April 16, 2024

A recent undertaking in Baguio City last week has reminded us of the urban jungle that has become of this adored city despite its flaws, especially at the central business district, to the point the city government needed to allow the use of infrastructures intended as open public spaces for commercial activities, while it commits to being firm in enforcing measures that were meant to restore the city’s environs at least to tolerable levels.
Aside from helping promote Baguio further as a Unesco Creative City and provide artisans and small entrepreneurs a space to market their works, a newly launched project led by the Mobile Oriented Valuable Entrepreneurship, with the support of Baguio Arts and Crafts Collective Inc. and partner government agencies and groups, utilizes the concept of bringing its creative and promotional activities to barangays, instead of joining the flurry of economic activities at the city’s CBD.
The project’s organizers said the idea is not new, being one that is already being done in other areas, but they believe the idea of bringing the artists and micro, small, and medium entrepreneurs closer to their target audience by locating their activities in the barangays is a best practice tested in other places worthy of being tried for its viability here in the city.
Through what they called a “creative decentralization” program, which is being done on an experiment basis until March 3 within a district of eight barangays, community members would be able to fully grasp and support what creatives and entrepreneurs actually do – from the production of their original works and crafts, to the need of the creative industry and MSMEs to have a viable and legitimate livelihood source.
At the same time, the endeavor aims to encourage barangays to appreciate its role in sustaining a robust economy for MSMEs and support Baguio’s designation as a creative city for crafts and folk art, through the conduct of seminars and workshops and by urging the participation of the youth through the Sangguniang Kabataan to initiate similar activities to boost their respective barangays’ development.
But its major purpose is to provide respite from the frequent trade fairs – except those institutionalized as part of city events like the Panagbenga – being held at the CBD which lead to overcrowding and disrupt traffic, a situation residents have been experiencing since the conduct of trade fairs has been adopted as among the modes for the city to recover from the crippling effects of the Covid-19 pandemic.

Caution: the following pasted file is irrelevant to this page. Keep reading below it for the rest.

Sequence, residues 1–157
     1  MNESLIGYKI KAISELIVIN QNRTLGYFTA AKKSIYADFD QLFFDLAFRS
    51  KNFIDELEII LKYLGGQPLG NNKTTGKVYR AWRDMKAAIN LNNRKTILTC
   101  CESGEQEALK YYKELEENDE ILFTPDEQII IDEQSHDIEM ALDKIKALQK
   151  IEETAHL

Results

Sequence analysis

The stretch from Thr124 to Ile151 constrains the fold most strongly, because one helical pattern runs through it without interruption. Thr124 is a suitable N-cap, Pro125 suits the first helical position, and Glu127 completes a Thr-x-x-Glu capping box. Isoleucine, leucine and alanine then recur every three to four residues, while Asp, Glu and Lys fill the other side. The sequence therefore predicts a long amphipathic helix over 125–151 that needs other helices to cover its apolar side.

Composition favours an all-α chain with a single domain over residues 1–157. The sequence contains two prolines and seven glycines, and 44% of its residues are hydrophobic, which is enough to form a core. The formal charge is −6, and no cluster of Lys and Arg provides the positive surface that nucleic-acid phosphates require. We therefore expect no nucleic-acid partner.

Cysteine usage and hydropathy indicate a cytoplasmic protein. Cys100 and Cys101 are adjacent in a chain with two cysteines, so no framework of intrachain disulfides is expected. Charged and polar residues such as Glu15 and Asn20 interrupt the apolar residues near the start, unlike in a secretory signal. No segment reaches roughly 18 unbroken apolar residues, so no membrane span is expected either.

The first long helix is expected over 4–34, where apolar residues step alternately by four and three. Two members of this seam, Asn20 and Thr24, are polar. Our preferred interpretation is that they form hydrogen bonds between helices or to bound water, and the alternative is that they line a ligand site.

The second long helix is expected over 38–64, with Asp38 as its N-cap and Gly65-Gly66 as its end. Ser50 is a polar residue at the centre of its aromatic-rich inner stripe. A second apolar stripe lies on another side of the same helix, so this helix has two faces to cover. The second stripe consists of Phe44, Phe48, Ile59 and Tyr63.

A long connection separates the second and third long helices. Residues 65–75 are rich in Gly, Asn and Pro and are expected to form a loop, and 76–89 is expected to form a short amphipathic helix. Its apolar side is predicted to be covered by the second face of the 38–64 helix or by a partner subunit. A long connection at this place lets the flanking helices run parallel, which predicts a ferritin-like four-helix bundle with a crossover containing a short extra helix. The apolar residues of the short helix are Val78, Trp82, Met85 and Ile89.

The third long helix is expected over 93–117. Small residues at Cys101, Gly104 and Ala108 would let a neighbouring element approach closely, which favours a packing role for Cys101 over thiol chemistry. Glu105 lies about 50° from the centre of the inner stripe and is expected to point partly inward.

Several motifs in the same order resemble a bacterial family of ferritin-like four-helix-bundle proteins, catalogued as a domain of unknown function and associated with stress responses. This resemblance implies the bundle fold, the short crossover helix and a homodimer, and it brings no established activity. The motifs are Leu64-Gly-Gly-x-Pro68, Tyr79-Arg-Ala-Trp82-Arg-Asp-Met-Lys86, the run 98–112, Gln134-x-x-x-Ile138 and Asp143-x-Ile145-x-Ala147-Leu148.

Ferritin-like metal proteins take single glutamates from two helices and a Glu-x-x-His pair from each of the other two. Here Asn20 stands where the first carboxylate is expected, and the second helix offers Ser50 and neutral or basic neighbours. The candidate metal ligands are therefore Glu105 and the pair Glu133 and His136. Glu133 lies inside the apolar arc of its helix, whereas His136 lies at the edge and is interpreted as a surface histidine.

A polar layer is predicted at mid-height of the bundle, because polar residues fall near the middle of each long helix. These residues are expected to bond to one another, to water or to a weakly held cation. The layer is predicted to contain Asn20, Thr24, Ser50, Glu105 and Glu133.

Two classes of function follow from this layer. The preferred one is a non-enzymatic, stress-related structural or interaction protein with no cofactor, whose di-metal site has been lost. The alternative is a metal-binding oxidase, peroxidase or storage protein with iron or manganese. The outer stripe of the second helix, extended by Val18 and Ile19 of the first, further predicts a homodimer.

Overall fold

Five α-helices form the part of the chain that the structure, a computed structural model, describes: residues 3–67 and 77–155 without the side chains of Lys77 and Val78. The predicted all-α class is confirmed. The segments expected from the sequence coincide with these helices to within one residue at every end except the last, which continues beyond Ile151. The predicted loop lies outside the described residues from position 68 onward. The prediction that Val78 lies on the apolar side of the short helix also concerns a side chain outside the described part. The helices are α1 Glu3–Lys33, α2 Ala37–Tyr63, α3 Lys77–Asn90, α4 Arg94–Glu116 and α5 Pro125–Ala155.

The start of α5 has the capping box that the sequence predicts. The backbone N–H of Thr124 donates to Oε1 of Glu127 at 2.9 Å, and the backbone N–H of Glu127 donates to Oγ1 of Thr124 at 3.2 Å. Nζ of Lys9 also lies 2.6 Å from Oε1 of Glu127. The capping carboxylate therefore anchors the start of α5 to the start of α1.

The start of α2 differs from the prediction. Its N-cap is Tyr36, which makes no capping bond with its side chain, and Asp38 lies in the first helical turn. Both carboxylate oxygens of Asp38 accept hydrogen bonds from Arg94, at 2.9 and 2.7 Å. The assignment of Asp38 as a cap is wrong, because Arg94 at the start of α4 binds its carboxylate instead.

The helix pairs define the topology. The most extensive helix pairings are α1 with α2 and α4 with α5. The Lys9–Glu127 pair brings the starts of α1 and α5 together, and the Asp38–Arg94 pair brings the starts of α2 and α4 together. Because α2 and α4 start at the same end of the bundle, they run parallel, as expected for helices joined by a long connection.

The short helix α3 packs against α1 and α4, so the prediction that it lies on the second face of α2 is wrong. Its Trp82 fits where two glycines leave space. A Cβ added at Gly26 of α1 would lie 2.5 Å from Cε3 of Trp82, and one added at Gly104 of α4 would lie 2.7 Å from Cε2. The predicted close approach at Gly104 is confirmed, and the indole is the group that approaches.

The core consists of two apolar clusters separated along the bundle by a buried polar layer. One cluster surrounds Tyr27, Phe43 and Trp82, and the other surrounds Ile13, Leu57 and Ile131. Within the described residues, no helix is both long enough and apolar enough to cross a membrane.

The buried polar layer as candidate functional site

The activity still comes in the form of a “trade fair”, since it involves marketing and selling of goods. But from the way it was presented during its launch last week, it provides a cozy nook – a not-so-busy street for vehicles that the barangay allowed to be used as a venue for a “food street” but a spot that could handle foot traffic – and a pleasing display area for goods and services that didn’t have to exploit major thoroughfares intended for seamless conveyance and recreation.
It is a far cry from the congestion people of Baguio have to endure on a frequent basis now when a road is closed to give way to a trade event, or when regular park activities are reduced when portions are allotted for a period of time to such activities.
Since the benefits of conducting trade fairs in promoting and selling merchandise cannot be discounted especially for a tourist city like Baguio, the idea of decentralizing the activity towards viable areas in barangays sounds favorable, even for those who have been experiencing a trade fair fatigue.
The city council, which is currently deliberating on a proposal for the city to have a trade fair ordinance, should consider this ongoing dry run, which may prove trade fairs or similar activities do not always have to be held at the CBD, and possibly, we could come up with a most acceptable and practical interpretation of the line “parks and streets are beyond the commerce of man”.